This is the first year they have opened for busi­ness since con­struc­tion on the ho­tel was com­pleted in 2011, and the re­sponse has been en­cour­ag­ing. “We re­al­ized that we couldn’t charge high prices any more, a ho­tel room for around $250 wasn’t go­ing to work, so we de­cided to re­duce costs, not of­fer break­fast or valet ser­vice, and in­stead, of­fer ho­tel apart­ments at af­ford­able rates,” Kas­souf said. A two-bed­room apart­ment at Safat Suites goes for as lit­tle as $120 a night. Only their largest suite is priced at $250 a night, and that in­cludes a private jacuzzi. The ho­tel also offers a gym and chil­dren’s play area, and Kas­souf sup­ple­ments the ho­tel’s in­come by rent­ing out street level space to three eater­ies. Le­banese ex­pats are com­ing to Bham­doun in larger num­bers these days, Mou­jaes says. “They are of­ten more aware of the real po­lit­i­cal and se­cu­rity sit­u­a­tion than for­eign tourists are. Le­banon is also get­ting a lot of pos­i­tive press in­ter­na­tion­ally, we have one the high­est num­ber of sum­mer fes­ti­vals per square kilo­me­ter any­where in the world.”


Bham­doun’s main thor­ough­fare, how­ever, re­mains de­press­ingly empty. Shops and restau­rants are shut­tered, and pedes­trian traf­fic is vir­tu­ally nonex­is­tent. Boutros says the prob­lem is that too many peo­ple are rest­ing on their pre-war lau­rels and not look- ing to move for­ward and sup­port in­fra­struc­ture im­prove­ments to allow busi­nesses to re­turn and flour­ish. “Bham­doun Ma­hata will re­cover only if a strate­gic vi­sion is put to­gether and the area rein­vents it­self from a [Gulf] Arab des­ti­na­tion to a to­tal qual­ity en­vi­ron­ment sub­urb of Beirut that is not just a sum­mer re­sort,” Boutros says. He ad­vises ho­tel own­ers to repur­pose their closed ho­tels into stu­dent dorms or nurs­ing homes. Bham­doun Ma­hata could eas­ily be trans­formed into a univer­sity or health­care city, he adds.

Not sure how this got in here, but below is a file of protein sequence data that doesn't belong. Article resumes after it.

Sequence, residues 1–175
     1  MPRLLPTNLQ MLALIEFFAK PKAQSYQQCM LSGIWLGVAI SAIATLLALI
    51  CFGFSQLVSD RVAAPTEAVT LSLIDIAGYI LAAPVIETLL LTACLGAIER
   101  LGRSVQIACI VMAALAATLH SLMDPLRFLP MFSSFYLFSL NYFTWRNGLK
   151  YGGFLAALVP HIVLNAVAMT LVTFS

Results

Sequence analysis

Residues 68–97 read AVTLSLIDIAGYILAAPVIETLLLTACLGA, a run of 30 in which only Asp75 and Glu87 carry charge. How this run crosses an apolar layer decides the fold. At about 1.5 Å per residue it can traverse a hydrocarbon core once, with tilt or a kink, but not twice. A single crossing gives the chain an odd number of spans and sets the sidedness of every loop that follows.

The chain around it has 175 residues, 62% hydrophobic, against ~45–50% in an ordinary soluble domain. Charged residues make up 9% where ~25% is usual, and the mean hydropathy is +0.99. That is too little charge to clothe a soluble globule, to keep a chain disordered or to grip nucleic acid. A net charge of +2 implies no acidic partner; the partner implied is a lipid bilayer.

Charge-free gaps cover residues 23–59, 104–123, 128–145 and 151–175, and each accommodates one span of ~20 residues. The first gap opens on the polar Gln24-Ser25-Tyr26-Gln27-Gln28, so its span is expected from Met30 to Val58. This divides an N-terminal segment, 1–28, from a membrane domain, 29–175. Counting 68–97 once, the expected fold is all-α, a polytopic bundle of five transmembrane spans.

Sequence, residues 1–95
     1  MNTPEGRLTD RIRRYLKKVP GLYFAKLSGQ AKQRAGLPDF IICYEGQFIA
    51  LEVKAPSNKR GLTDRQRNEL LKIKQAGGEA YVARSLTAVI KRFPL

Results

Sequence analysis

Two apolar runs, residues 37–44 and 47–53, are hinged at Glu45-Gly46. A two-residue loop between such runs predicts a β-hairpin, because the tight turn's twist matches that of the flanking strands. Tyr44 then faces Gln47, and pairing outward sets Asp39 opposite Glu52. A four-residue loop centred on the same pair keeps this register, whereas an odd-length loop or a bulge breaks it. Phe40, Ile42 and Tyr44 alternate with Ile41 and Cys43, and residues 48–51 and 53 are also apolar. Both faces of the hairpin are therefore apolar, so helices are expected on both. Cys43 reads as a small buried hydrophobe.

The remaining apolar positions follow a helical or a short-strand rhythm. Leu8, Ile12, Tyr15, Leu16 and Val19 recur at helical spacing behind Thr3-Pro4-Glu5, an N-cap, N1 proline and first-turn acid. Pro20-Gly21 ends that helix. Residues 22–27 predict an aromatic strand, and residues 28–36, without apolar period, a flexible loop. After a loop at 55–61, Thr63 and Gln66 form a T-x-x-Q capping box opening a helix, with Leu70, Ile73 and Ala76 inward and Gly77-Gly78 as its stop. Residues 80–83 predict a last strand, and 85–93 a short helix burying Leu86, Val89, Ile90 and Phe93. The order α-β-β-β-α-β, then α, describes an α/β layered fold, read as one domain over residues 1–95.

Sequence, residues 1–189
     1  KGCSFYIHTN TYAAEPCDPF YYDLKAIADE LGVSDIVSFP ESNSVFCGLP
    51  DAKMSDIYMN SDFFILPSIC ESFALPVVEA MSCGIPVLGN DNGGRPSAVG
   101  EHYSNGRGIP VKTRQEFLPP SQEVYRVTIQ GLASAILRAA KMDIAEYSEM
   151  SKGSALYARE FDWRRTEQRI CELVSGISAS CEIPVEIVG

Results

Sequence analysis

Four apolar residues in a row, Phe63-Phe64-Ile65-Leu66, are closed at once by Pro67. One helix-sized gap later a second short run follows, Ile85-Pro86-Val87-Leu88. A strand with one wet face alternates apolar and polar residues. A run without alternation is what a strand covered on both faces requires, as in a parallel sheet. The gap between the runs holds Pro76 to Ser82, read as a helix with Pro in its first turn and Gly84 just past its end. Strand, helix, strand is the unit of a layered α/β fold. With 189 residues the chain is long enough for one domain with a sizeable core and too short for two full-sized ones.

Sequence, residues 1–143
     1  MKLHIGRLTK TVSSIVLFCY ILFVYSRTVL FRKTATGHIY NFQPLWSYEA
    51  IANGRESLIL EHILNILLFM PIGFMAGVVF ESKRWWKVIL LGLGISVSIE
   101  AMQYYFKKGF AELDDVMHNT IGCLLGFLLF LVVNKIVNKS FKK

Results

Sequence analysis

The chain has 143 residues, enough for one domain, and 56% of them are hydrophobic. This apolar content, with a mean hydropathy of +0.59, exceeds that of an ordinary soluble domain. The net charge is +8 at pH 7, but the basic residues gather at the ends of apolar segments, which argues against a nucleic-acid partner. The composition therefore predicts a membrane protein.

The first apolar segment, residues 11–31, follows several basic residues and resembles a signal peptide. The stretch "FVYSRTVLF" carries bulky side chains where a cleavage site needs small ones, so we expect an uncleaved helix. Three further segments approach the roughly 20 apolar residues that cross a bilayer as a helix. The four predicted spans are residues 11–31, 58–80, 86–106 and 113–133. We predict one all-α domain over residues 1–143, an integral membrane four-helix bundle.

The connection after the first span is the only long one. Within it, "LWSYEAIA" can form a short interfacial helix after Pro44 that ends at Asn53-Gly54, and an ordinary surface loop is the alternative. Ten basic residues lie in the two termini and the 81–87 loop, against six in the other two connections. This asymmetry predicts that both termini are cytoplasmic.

Abou Rjeily says that for Bham­doun to at­tract year-round lo­cal tourists, time and money have to be in­vested in eco­tourism. “We need to give peo­ple ac­tiv­i­ties to do when they come up here, we can’t ex­pect them to just sit in the ho­tel all day. We need ac­tiv­i­ties for kids, hik­ing, all-ter­rain ve­hi­cles; we need pro­mo­tional cam­paigns through the news me­dia and on Face­book ... To­day, we rely on Gulf vis­i­tors, but what if they stop com­ing, what do we do then?” Boutros agrees that for Bham­doun vil­lage en­cour­ag­ing and de­vel­op­ing eco­tourism ac­tiv­i­ties is its best bet for a brighter fu­ture. He feels that his win­ery, restau­rant, and bou­tique ho­tel are the seeds of a grow­ing trend. “You need to at­tract tourists that will spend money on en­vi­ron­men­tal-based prod­ucts, whether it’s wine or lo­cal cheeses or even hik­ing,” Boutros says, adding that sus­tain­able tourism can only be based around an area’s nat­u­ral beauty and nat­u­ral prod­ucts, sup­port­ing the lo­cal pop­u­la­tion.

Boutros bought the for­mer res­i­dence of the French Am­bas­sador to Iraq and Iran from the French gov­ern­ment, and trans­formed it into a bou­tique ho­tel. Its neatly kept lawns and top­i­aries and red tiled roof stands in stark con­trast to the many still aban­doned, burned out and half de­mol­ished homes in Bham­doun. It is a re­minder that the town still has a long way to go to heal old wounds and re­turn to its pre-war glory days.

Could Bham­doun be­come Le­banon’s Napa Val­ley?

Grand Ho­tel Bham­doun

Saw­far Grand Ho­tel

Bham­doun Sta­tion

Bham­doun vil­lage house